“She silently stepped out of the race she never wanted to be in, found her own lane, and proceeded to win.” ~Unknown
Picture this…you are driving down the road and the flow of traffic slows in front of you. You see a clear lane with traffic moving faster in the lane next to you, so you jump in the “fast lane” and cruise on down the road. Until the flow of traffic changes and now you’re stuck in traffic. That car that you passed a while back is now passing you in the “slow lane” that you were once in. We’ve all been there. And if you’re like me, you get frustrated, impatient, and annoyed. I want something I can’t have…a clear, open, fast road.
This happens in life as well. We see what others are doing in their lane and want what they have (or what we think they have). We feel stuck in our lane, so we change lanes thinking things look better in their lane, so they will be better. We think their lane will be more clear and will allow us to move faster so we can get to our destination sooner. The problem is, we don’t have all of the details. We don’t know why they are really in their lane. We don’t have the insight from their past to know why they picked this lane and we can’t see what is up ahead. After spending some time in their lane, we eventually realize that this lane really isn’t the best lane for us and is not where we want to be after all.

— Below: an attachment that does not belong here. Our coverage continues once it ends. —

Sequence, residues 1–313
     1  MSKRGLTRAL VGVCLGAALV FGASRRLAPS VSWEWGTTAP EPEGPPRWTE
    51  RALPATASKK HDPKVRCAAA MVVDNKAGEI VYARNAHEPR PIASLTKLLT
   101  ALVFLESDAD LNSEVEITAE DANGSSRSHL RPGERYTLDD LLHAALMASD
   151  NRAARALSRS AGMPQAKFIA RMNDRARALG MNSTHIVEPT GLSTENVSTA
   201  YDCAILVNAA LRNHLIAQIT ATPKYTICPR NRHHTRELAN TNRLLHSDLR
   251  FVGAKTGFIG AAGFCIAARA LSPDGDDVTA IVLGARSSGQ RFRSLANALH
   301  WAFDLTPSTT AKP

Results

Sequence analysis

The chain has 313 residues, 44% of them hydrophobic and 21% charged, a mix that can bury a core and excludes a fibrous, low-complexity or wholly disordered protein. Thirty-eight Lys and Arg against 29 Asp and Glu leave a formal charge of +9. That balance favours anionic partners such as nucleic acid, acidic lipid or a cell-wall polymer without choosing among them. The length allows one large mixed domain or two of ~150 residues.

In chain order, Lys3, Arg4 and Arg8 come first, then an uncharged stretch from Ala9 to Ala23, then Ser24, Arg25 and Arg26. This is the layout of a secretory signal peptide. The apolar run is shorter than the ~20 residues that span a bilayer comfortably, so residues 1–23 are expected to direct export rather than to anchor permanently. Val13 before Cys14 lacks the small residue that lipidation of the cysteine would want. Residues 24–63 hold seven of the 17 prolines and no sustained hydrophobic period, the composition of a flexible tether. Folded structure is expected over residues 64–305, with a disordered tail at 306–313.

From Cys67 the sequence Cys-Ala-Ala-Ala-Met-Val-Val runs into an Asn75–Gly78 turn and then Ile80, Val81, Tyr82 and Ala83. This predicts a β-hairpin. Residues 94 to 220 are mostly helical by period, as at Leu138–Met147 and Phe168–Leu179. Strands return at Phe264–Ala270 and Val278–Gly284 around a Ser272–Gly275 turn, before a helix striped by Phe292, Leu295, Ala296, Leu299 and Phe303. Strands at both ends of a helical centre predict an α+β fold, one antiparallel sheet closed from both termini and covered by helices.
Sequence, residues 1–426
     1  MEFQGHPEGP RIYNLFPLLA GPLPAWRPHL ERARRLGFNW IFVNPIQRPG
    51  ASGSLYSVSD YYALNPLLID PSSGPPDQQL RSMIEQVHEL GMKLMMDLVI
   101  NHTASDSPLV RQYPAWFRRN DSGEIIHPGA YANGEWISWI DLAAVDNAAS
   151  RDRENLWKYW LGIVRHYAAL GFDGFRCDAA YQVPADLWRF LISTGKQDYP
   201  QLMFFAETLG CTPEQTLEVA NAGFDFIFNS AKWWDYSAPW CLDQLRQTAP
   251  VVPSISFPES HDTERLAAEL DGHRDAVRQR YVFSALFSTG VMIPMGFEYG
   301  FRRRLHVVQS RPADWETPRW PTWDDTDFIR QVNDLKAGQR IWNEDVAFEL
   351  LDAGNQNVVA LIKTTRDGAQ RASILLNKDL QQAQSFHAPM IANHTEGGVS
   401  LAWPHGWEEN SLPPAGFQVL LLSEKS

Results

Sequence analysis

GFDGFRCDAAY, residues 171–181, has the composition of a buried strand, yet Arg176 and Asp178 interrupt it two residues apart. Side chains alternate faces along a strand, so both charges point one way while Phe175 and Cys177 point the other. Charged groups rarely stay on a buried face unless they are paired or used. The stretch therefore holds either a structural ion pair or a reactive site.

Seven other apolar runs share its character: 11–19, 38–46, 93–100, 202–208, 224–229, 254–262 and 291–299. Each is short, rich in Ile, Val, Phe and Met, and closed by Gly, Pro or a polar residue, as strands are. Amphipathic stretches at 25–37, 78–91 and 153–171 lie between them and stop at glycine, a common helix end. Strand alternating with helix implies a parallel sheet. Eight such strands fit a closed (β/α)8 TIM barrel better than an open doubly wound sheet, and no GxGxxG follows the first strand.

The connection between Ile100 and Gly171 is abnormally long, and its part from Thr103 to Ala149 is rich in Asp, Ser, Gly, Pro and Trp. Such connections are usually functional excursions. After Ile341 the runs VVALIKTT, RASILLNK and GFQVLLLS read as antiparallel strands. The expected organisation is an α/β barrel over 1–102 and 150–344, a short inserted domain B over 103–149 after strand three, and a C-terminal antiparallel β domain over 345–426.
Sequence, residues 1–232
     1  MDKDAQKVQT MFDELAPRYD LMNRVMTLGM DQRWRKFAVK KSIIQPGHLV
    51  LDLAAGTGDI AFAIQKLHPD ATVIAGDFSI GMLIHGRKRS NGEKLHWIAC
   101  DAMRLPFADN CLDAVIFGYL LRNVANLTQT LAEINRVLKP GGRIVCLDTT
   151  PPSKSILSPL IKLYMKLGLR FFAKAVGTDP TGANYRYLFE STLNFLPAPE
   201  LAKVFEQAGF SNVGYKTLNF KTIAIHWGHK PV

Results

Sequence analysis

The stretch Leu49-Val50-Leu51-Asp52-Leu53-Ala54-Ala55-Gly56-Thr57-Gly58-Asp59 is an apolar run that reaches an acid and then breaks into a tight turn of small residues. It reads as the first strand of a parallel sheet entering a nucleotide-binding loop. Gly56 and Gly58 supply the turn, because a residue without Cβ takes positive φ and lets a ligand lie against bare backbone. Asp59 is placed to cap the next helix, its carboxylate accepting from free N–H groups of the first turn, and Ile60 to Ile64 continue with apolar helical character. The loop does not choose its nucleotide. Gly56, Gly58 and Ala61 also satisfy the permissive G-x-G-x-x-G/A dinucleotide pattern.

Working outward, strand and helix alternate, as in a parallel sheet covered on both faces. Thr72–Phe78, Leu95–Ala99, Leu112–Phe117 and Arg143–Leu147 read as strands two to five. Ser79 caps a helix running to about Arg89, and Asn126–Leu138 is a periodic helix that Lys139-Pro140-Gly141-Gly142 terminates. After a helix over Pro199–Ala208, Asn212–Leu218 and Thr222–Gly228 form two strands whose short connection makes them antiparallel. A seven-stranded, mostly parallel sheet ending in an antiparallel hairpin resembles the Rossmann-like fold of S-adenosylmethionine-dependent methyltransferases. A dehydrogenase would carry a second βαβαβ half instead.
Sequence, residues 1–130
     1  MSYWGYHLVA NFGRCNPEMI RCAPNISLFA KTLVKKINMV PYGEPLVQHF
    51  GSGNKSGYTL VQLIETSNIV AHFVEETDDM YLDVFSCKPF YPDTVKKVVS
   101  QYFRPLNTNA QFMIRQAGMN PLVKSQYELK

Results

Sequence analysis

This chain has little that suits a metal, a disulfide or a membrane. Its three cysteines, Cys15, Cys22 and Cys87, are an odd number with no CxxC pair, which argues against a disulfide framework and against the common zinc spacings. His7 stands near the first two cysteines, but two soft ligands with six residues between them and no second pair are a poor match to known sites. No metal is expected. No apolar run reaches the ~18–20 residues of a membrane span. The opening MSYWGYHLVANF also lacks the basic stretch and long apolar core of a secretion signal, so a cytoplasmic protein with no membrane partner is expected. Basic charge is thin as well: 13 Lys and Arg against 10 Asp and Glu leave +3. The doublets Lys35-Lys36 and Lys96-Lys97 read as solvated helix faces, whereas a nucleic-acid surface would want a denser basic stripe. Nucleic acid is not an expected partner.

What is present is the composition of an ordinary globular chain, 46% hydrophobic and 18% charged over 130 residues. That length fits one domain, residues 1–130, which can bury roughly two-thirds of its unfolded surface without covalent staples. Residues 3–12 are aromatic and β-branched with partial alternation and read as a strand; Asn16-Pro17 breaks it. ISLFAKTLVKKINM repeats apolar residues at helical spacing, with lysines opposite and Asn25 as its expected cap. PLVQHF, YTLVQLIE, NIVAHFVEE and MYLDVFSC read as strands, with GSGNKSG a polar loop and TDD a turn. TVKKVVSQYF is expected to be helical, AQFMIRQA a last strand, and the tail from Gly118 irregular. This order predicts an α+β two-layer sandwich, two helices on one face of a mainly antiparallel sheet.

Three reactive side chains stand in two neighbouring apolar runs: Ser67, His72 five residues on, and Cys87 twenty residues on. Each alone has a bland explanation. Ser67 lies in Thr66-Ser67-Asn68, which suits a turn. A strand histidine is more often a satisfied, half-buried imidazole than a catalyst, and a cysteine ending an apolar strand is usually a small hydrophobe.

We all know that we shouldn’t drive our car with blinders on and swerve in and out of traffic while speeding down the road. Driving erratically can cause accidents. Likewise, we shouldn’t experience life with blinders on or swerve in and out of “traffic” while speeding through life. Sure, it is good to look around, see what others are doing, experience new things, but it is even more important to stay true to yourself, stay in your own lane, slow down, and remember why you were there in the first place. This is your journey!
For the majority of 2019 I’ve been “driving” all over the road. One minute I find myself in my lane, and the next I’m in someone else’s lane. I’ve been swerving back and forth. This erratic “driving” has got to stop! There is a far greater risk associated with erratic driving. It isn’t safe! It does not make me happy! It does not allow me to be true to myself! It stresses me out! It fuels my anxiety and depression! Being in someone else’s lane has reminded me that I’m happiest and safest in my own lane. So it’s time to take control of the steering wheel and get back in my own lane. This is where I belong. This is where I will remain true to myself. This is where I will be happiest. This is where I intend to stay. Will I get distracted by the “fast lane” that others are in from time to time?! Probably. I’m human. But I’m going to do my best to stay in my own lane, slow down, and remember why I chose to be there in the first place. This is my journey! I will get to my destination exactly when I am supposed to if I stay in my own lane.